What a tremendous gift you have given me today! I am blessed beyond measure. One of my favorite stories is the man walking on the beach throwing washed-up starfish back in the ocean (http://www.esc16.net/users/0020/FACES/Starfish%20Story.pdf). I feel like that is my calling in life. Thank goodness I had the good sense to reach out to you to help you understand your full potential. As we discussed, you went on, graduated and are accomplishing the dream. Your job now is to pay it forward, and it sounds like you are doing just that. Also know how much you brought to the table. You were open, accepting, trusting and worked hard. With those attributes, you can do anything you want to do. Thank you for your note today and for not giving up. I am in DC from time to time related to grants, and maybe we can connect when I am there.

Warm Regards,
Tim Scott

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There are perhaps few greater potentially valuable efforts than making and taking the time — Tim Scott back then to help yet another individual in need, and Alvin Lira present-day to prove that investment (Scott’s and his) paid off. As does saying thank you. I bet the starfish would agree.

WilliamJames_01

All In a Day’s Work

To know Texas A&M Center for Mathematics and Science Education (CMSE) researcher Dr. Craig Wilson is to love him — if not for his genuine passion and absolute gift for scientific knowledge, inquiry and outreach, then for his entertaining stories in pursuit of the aforementioned. Here’s one that he shared last week with several people in the Texas A&M Science Dean’s Office, most of whom know a thing or two about spending time in close quarters with both Craig and his cockroaches. Let’s just say it’s better to be hissing than missing!

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The university media specialist (by his own admission a non-scientist) was spending half a day with us to learn and write about the Future Scientists Program. He had been taking all manner of photos, including many of the teachers using the digital microscopes in the classroom that had been set aside for our use. He then accepted an invitation to join us outside studying in the wildflower meadow, where I had the teachers collect a variety of flowers with the goal to examine different types of pollen.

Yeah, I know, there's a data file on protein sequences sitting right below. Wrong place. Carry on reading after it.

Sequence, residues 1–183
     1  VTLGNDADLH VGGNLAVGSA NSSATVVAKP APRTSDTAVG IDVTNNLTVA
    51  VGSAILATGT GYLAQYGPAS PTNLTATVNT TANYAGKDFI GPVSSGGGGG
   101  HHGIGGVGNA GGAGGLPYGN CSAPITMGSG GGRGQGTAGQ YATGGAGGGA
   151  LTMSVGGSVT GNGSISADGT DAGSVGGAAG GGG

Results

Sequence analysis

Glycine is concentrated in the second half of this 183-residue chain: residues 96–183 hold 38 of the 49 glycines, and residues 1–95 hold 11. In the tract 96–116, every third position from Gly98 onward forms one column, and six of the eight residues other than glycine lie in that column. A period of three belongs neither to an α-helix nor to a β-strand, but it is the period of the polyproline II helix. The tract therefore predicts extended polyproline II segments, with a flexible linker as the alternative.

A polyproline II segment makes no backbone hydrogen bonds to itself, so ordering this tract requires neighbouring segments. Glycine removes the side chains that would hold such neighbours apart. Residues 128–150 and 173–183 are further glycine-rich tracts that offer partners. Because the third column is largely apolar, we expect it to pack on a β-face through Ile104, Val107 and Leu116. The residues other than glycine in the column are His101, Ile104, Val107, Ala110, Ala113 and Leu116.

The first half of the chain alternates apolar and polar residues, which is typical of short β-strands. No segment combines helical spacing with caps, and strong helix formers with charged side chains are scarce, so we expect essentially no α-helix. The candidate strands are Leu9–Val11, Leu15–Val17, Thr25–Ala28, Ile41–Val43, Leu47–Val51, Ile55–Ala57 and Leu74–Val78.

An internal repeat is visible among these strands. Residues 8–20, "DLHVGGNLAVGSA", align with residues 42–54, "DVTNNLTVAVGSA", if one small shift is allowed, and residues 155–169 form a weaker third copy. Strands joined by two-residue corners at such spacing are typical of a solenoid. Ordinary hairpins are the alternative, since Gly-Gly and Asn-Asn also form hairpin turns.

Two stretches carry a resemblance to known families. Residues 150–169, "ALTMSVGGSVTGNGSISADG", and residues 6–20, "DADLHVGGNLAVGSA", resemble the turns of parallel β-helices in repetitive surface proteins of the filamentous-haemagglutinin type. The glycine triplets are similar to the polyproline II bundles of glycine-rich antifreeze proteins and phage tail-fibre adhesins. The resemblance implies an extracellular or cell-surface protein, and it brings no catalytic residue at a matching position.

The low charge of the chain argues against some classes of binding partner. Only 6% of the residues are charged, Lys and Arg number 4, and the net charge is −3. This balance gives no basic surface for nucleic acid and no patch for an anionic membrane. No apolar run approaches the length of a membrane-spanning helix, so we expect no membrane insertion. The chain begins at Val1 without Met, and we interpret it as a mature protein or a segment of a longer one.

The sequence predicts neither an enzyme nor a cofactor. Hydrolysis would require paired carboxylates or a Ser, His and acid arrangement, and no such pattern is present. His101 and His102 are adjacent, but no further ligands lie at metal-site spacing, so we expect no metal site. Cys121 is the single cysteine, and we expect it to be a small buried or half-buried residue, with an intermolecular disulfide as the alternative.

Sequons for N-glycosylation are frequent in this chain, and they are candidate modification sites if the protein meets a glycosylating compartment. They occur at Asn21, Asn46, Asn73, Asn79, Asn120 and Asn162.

No sooner had he joined us than he left us, taking off running back to the road like a scalded cat screaming, “Snake!” At that point, bodies bolted in all directions, while I headed to the area where the snake might have tried to make its own escape. I was able to secure a four-foot rat snake (Elaphe obsolete lindheimeri) with one foot and grasped it behind the head. If possible, it seemed more agitated than the erstwhile cameraman.

This seemed like a teachable moment, so I carried my prize back to the classroom for further study and looked for a suitable container. In a side room, I found the old terrarium inhabited by 40 Giant Madagascar Hissing Cockroaches (Gramphadorhina portentosa). Still holding the snake firmly in one hand, I managed to remove the lid … but where to put the cockroaches? Out of the corner of my eye, I saw a waste bin with a liner, so I dumped the cockroaches in there for later use and placed the snake in the terrarium. At that point, the by-now-somewhat-calmer-and-mollified photographer steeled himself and took photos of his incarcerated nemesis.

Madagascar Giant Hissing Cockroaches, properly secured and suitable for transport to an educational environment near you! Wilson notes that the white one pictured here is not an albino; rather, she has just emerged from her exoskeleton and therefore is soft and white. From here, she will hide, swell up and darken in color. He says they do this whenever they have grown too large for their current exoskeleton.

Madagascar Giant Hissing Cockroaches, properly secured and suitable for transport to an educational environment near you! Craig notes that the white one pictured here is not an albino; rather, she has just emerged from her exoskeleton and therefore is soft and white. From here, she will hide, swell up and darken in color. He says they do this whenever they have grown too large for their current exoskeleton.

An hour later, I was ready for the teachers to study the cockroaches, so I went to retrieve them. I was startled to see an empty waste bin! A quick inquiry revealed that a janitor had been seen in the building. Quickly putting two and two together, three of us (not four!) rushed out and around to the back of the building and began dumpster diving. The fifth bag retrieved and opened indeed was holding the missing cockroaches. One should avoid anthropomorphism if at all possible, but the insects appeared none the worse for their experience, if not perhaps chagrinned that they had not made good on their escape to cockroach nirvana at the landfill. I cannot say the same for my co-dumpster divers or for our fearful media specialist.

Each year, I am invited by Texas Farm Bureau to present at this, the Agriculture in the Classroom (AITC) Summer Agricultural Institute, held at Tarleton State University in Stephenville, Texas. Each year, something notable happens, usually on the good side of bad. For example, I always take the teachers to walk over and study the turf grass experiments nearby. While there, I also collect lily flowers (Lilium) for them to study, as there is a large bed set aside to grow them that rivals Joseph’s Coat of Many Colors, such is the proliferation of shapes and colors of the large blooms.